“We need to build a network of relationships with the whole spectrum of folks who are important to this,” he said. “That’s employers, employer organizations, state and federal agencies, other nonprofits in this space and the grassroots and faith communities where we can find folks who are unemployed.”
The New Start Career Network is off to a strong start, forming partnerships with BioNJ, IBM, the New Jersey Business and Industry Association, and UPS.
Murphy also highlighted the need for volunteers to act as coaches for long-term unemployed individuals, though he recognized the challenge in providing these volunteers with proper training in the yearlong leadup to the launch.
“We had to find volunteers because we feel like they’re the X-factor, and we had to make sure we trained them,” he said. “This is not just taking people off the street; this is finding qualified folks and training them.
Carl Van Horn, director of the Heldrich Center, emphasized that these coaches are an essential asset to helping the initiative achieve its goals. This is through helping candidates understand how the job market has shifted in the time since they last looked for employment.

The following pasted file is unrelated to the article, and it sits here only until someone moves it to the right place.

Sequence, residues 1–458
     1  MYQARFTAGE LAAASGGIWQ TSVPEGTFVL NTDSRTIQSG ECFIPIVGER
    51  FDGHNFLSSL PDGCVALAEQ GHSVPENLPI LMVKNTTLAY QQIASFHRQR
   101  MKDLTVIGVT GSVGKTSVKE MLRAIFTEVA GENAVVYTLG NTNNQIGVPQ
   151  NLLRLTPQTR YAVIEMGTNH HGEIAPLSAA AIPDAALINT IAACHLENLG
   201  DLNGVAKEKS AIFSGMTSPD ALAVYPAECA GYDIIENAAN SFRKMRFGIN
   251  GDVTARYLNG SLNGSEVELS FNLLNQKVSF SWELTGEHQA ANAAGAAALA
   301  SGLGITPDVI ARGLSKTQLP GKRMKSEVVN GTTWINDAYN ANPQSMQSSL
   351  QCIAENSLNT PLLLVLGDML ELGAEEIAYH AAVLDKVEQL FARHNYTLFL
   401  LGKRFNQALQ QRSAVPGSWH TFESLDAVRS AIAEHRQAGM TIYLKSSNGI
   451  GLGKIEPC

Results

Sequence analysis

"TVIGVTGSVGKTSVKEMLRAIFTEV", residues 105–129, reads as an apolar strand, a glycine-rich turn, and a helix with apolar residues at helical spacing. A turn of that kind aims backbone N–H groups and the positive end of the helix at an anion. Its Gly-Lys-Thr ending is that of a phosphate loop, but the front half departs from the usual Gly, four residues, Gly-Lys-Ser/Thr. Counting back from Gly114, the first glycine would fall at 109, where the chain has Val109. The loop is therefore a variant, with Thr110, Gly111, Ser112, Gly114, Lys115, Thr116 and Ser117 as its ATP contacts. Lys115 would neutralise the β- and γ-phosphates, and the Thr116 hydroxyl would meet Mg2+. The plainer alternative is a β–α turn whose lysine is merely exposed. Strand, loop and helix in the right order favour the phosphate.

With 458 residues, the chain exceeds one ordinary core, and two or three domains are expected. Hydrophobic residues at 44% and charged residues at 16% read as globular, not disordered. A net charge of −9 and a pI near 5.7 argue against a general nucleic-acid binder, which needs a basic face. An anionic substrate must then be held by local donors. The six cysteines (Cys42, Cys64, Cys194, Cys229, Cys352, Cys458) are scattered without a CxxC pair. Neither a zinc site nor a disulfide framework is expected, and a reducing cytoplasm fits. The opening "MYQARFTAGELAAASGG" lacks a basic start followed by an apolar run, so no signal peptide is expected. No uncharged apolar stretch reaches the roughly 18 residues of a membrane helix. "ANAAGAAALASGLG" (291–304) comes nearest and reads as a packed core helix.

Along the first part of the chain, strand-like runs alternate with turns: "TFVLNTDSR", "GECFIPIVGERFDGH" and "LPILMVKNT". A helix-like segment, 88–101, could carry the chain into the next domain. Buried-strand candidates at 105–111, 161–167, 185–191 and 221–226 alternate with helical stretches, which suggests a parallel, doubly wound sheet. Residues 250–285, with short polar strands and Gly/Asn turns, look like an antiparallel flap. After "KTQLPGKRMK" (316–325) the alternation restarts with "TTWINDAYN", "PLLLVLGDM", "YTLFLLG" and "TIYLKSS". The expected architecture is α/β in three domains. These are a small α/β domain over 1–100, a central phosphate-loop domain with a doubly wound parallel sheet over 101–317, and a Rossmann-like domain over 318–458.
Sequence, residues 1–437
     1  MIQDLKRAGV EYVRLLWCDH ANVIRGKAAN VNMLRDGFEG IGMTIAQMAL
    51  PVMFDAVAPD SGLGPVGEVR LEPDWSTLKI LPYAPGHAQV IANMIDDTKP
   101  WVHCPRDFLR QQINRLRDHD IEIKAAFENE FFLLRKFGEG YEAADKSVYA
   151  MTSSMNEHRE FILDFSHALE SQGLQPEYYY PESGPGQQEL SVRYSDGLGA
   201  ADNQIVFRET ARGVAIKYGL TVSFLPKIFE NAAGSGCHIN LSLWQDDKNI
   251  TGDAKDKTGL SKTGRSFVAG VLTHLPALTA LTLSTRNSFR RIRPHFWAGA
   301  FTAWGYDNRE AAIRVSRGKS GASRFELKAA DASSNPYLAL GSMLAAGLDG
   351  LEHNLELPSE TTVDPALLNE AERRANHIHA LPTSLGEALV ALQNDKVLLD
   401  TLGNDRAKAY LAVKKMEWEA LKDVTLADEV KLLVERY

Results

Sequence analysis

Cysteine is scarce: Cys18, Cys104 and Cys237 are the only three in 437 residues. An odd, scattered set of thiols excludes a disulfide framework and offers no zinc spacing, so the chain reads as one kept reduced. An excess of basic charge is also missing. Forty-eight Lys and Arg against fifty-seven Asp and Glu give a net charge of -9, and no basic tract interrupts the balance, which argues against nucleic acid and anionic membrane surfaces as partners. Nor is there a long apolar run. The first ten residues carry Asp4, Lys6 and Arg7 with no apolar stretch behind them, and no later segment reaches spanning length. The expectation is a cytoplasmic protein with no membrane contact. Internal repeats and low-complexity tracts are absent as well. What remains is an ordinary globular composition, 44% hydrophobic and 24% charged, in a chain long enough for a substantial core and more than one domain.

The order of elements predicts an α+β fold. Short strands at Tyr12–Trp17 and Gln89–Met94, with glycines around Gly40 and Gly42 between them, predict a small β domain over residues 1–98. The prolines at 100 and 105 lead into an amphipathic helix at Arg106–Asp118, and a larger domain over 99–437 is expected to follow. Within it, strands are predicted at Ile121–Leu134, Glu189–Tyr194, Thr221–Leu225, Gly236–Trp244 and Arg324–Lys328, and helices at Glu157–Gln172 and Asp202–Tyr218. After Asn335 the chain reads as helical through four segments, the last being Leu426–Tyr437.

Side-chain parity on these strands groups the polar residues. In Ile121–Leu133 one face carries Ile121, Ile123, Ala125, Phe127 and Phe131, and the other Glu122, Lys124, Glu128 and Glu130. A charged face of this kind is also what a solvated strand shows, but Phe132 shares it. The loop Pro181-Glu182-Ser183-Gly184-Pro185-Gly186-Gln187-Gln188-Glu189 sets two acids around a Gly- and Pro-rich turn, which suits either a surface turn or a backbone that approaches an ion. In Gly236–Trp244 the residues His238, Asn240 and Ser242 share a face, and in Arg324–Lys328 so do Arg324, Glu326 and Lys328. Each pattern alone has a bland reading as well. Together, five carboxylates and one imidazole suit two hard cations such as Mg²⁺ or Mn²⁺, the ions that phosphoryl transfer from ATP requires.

“A lot of candidates don’t know how important a website like LinkedIn is or how to navigate a website to find what they need,” he said. “Or, if they have a Skype interview, do they know how to log on to Skype?”
The coaches also offer further information that will help support job candidates while they transition back into the workforce after extended unemployment.
“They don’t know that they could get a training program or if you need money to pay your heating bills or refinance your mortgage,” he said. “There’s all that financial stuff that they’ve never had a problem with and all of the sudden they do.””